ME and Ophelia

Thursday, August 12, 2004

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The Universal Declaration of Human Rights

Here, for the record, is a BBC news online report "Sudan under pressure over Darfur". A non-blogging friend in England emailed it to me on the day it was published, and wrote me: "You might find it rewarding to make contact with the UN and to ask them about the official guidelines which clearly delay UN action until matters (like this one) have reached disgraceful proportions."

The report, dated June, 26, 2004, is copied here in full:

"The US and the EU have expressed "grave concern" about Sudan's conflict-torn Darfur region, saying the government in Khartoum must rein in Arab militias. "We strongly condemn the human rights violations... particularly by Jingaweit militias," the leaders said in a joint declaration at their summit in Ireland.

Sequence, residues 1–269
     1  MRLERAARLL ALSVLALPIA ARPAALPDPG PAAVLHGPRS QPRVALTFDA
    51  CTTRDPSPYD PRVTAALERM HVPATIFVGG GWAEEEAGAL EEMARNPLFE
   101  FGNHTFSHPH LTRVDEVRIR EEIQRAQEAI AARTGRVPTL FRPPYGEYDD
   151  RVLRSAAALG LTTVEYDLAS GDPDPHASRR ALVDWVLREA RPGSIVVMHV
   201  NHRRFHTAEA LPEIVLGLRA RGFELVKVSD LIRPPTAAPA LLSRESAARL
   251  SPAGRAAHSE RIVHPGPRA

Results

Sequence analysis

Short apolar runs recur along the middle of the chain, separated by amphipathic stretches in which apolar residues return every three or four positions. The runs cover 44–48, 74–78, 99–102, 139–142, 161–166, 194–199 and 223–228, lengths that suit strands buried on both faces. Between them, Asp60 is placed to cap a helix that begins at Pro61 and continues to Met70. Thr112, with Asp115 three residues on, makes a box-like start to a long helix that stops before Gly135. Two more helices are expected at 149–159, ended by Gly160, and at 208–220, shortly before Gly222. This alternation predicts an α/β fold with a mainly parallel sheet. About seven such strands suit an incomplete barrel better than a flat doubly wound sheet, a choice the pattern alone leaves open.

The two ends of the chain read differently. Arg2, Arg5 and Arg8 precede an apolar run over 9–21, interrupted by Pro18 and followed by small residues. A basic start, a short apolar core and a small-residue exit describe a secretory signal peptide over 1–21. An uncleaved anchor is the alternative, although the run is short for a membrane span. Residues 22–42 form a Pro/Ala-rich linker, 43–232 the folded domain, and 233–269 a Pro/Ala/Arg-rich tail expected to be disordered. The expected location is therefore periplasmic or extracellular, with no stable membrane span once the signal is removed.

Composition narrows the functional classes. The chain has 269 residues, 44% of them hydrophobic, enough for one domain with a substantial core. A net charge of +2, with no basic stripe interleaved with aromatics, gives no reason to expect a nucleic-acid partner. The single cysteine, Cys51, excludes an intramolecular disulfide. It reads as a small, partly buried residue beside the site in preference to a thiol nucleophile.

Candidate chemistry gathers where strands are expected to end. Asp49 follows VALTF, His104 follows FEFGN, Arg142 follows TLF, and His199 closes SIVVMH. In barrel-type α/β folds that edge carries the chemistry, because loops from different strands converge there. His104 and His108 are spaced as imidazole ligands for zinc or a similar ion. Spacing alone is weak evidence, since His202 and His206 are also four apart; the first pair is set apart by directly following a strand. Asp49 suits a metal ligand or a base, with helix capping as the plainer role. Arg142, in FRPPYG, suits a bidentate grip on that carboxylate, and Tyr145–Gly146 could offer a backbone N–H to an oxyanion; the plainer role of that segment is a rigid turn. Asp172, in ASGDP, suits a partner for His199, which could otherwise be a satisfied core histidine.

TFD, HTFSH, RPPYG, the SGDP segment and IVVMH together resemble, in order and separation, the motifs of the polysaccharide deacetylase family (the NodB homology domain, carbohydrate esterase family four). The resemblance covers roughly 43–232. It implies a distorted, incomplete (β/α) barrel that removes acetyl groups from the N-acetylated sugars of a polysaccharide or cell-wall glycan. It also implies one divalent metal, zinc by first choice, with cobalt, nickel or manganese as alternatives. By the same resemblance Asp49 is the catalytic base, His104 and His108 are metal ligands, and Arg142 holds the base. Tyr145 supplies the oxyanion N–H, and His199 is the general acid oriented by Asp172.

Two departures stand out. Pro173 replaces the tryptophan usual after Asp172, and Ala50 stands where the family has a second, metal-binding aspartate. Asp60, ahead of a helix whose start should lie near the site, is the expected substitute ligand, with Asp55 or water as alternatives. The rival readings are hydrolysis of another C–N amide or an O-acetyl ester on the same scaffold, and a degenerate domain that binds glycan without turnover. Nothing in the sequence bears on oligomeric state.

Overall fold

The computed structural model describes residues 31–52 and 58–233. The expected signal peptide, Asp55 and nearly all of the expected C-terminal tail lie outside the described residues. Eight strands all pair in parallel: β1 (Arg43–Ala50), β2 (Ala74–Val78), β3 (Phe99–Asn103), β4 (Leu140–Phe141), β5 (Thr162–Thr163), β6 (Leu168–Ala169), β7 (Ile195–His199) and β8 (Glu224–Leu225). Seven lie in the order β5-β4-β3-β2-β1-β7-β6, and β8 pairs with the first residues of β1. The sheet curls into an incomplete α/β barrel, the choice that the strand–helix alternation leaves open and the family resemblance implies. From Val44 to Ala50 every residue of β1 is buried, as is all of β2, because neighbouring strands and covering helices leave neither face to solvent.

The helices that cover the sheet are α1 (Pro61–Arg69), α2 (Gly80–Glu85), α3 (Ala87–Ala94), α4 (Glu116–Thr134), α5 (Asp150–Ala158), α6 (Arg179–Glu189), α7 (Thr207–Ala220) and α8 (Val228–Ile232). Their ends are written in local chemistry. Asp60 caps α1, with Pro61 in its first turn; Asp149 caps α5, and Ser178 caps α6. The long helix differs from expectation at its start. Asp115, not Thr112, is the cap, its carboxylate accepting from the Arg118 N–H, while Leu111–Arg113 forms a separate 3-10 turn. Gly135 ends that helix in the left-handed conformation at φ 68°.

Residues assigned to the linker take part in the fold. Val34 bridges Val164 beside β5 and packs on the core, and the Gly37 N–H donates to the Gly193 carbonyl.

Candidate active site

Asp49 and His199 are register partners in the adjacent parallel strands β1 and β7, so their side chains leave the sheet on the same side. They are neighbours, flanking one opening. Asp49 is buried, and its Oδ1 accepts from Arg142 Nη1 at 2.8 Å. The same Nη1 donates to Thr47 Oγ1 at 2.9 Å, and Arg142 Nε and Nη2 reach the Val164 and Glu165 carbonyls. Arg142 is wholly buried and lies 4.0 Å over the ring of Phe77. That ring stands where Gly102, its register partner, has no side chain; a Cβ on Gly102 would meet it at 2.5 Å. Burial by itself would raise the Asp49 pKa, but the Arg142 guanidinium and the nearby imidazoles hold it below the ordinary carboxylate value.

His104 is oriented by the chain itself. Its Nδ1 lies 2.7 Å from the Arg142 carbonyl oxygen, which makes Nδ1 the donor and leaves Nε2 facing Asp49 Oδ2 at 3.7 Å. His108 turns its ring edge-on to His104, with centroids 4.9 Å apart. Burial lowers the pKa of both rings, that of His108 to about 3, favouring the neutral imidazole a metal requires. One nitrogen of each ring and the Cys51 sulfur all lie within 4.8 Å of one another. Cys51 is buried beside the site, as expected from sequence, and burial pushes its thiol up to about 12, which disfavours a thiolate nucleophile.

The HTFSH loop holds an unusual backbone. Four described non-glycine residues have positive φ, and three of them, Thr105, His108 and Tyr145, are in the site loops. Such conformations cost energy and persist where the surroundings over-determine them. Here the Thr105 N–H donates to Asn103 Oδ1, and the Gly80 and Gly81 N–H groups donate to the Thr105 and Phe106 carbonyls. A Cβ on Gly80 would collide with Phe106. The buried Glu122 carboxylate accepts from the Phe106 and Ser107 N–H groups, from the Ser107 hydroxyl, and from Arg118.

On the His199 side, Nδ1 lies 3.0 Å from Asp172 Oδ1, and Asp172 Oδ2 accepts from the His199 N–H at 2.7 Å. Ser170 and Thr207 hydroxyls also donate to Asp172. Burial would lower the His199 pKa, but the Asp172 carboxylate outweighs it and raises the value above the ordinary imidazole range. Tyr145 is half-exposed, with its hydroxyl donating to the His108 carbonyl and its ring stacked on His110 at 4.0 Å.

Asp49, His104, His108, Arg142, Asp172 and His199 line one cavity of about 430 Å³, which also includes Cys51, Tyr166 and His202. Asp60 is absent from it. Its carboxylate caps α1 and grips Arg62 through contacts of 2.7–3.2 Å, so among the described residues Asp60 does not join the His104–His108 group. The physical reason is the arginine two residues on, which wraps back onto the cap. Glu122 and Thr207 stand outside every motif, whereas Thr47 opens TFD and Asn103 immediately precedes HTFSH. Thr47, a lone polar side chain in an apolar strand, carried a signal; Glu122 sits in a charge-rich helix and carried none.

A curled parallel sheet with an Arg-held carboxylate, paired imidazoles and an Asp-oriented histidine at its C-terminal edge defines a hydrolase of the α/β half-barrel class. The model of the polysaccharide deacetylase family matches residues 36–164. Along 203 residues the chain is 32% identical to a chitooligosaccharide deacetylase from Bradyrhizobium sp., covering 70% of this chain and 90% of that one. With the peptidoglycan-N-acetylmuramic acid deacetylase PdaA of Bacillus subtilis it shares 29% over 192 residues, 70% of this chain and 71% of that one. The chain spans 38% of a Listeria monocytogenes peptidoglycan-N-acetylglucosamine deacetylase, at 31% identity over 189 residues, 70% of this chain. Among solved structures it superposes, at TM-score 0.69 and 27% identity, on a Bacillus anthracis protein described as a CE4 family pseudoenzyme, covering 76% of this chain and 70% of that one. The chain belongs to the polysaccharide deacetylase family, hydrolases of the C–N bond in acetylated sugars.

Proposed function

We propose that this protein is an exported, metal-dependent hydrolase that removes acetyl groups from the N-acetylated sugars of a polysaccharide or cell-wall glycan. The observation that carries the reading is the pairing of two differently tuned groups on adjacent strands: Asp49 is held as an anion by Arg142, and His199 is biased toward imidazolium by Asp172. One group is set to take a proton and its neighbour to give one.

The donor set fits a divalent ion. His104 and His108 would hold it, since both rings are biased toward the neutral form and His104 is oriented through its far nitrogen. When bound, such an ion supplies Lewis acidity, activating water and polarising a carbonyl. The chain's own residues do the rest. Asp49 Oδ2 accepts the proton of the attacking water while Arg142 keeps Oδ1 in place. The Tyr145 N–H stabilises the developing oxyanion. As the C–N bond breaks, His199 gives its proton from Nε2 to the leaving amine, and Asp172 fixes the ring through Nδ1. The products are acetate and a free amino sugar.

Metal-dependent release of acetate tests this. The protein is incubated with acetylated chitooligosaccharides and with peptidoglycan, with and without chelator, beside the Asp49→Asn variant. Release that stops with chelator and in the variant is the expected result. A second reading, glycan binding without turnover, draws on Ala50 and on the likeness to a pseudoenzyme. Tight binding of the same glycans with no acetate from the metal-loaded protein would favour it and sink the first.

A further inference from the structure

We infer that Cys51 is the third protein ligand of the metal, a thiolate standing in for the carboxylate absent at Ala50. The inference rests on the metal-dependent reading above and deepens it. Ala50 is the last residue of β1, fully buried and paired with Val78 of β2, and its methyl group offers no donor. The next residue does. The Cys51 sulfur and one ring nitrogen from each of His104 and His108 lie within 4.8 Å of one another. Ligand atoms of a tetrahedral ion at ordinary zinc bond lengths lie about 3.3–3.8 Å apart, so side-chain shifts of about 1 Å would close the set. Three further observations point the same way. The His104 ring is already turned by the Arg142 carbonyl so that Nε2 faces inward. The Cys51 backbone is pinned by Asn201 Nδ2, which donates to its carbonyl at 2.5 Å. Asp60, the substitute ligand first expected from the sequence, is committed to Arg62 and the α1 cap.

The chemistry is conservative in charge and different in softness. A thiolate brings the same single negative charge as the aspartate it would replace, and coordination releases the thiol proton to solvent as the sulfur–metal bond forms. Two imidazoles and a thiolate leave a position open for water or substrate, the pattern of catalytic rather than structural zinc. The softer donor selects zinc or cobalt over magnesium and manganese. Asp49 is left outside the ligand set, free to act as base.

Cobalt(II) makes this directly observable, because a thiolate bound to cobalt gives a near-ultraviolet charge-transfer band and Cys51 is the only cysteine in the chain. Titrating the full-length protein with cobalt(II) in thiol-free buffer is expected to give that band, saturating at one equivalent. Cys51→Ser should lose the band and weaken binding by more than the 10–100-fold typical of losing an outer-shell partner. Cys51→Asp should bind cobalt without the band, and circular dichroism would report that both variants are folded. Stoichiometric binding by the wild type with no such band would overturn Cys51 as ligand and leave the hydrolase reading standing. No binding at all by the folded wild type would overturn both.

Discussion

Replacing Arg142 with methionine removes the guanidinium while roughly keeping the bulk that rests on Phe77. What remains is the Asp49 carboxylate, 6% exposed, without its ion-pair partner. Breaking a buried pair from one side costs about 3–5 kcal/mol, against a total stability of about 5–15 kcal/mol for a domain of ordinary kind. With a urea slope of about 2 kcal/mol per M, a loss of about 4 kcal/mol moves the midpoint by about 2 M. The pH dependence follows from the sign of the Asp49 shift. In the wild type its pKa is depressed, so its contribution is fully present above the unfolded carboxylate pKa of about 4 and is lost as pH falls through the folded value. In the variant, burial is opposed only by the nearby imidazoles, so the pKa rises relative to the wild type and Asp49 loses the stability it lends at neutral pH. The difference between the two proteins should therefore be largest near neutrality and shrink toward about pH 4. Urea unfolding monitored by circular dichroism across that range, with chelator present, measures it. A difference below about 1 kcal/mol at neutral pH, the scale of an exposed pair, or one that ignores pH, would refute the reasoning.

Human rights groups accuse Khartoum of backing Arab militia groups that have killed thousands of Africans in Darfur. The fighting in Darfur has driven more than a million people from their homes.

"We express grave concern at the continuing humanitarian crisis in Darfur, western Sudan, where the lives of hundreds of thousands of civilians, who live in desperate conditions and require immediate life-saving relief, are at great risk," the declaration said.

At the end of their summit at Dromoland Castle, in County Clare, US President George W Bush and EU leaders again urged the Sudanese government to disarm the militias and allow full access for humanitarian workers.